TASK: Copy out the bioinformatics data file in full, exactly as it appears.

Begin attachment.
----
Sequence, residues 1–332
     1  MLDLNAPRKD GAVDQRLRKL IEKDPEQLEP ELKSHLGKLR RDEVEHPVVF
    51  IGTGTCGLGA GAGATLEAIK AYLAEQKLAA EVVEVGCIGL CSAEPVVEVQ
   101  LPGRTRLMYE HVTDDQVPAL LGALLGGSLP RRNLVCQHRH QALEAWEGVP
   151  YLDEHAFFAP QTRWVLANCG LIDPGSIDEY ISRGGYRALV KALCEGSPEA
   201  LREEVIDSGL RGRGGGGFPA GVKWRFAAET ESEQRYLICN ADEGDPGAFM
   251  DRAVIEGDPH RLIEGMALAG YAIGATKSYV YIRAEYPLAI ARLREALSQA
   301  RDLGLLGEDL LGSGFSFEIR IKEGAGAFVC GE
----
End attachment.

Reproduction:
Sequence, residues 1–332
     1  MLDLNAPRKD GAVDQRLRKL IEKDPEQLEP ELKSHLGKLR RDEVEHPVVF
    51  IGTGTCGLGA GAGATLEAIK AYLAEQKLAA EVVEVGCIGL CSAEPVVEVQ
   101  LPGRTRLMYE HVTDDQVPAL LGALLGGSLP RRNLVCQHRH QALEAWEGVP
   151  YLDEHAFFAP QTRWVLANCG LIDPGSIDEY ISRGGYRALV KALCEGSPEA
   201  LREEVIDSGL RGRGGGGFPA GVKWRFAAET ESEQRYLICN ADEGDPGAFM
   251  DRAVIEGDPH RLIEGMALAG YAIGATKSYV YIRAEYPLAI ARLREALSQA
   301  RDLGLLGEDL LGSGFSFEIR IKEGAGAFVC GE